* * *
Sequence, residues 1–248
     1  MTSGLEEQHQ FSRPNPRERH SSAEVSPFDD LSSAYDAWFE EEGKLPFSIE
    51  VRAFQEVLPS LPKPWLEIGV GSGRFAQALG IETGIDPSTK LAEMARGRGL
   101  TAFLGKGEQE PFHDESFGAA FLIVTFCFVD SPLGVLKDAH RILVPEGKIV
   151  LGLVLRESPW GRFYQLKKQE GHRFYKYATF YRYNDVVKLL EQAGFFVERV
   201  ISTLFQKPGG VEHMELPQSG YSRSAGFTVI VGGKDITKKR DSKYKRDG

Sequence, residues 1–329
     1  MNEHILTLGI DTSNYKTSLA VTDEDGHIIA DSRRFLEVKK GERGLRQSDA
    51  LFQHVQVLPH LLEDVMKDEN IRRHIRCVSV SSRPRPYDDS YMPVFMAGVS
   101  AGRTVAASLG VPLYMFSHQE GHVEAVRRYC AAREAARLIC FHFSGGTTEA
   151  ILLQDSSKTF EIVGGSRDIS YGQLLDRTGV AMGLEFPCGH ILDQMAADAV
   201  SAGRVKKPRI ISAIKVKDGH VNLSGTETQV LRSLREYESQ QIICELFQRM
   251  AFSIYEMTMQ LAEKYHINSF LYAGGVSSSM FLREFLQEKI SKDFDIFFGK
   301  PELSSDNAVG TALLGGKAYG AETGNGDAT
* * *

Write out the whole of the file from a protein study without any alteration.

Sequence, residues 1–248
     1  MTSGLEEQHQ FSRPNPRERH SSAEVSPFDD LSSAYDAWFE EEGKLPFSIE
    51  VRAFQEVLPS LPKPWLEIGV GSGRFAQALG IETGIDPSTK LAEMARGRGL
   101  TAFLGKGEQE PFHDESFGAA FLIVTFCFVD SPLGVLKDAH RILVPEGKIV
   151  LGLVLRESPW GRFYQLKKQE GHRFYKYATF YRYNDVVKLL EQAGFFVERV
   201  ISTLFQKPGG VEHMELPQSG YSRSAGFTVI VGGKDITKKR DSKYKRDG

Sequence, residues 1–329
     1  MNEHILTLGI DTSNYKTSLA VTDEDGHIIA DSRRFLEVKK GERGLRQSDA
    51  LFQHVQVLPH LLEDVMKDEN IRRHIRCVSV SSRPRPYDDS YMPVFMAGVS
   101  AGRTVAASLG VPLYMFSHQE GHVEAVRRYC AAREAARLIC FHFSGGTTEA
   151  ILLQDSSKTF EIVGGSRDIS YGQLLDRTGV AMGLEFPCGH ILDQMAADAV
   201  SAGRVKKPRI ISAIKVKDGH VNLSGTETQV LRSLREYESQ QIICELFQRM
   251  AFSIYEMTMQ LAEKYHINSF LYAGGVSSSM FLREFLQEKI SKDFDIFFGK
   301  PELSSDNAVG TALLGGKAYG AETGNGDAT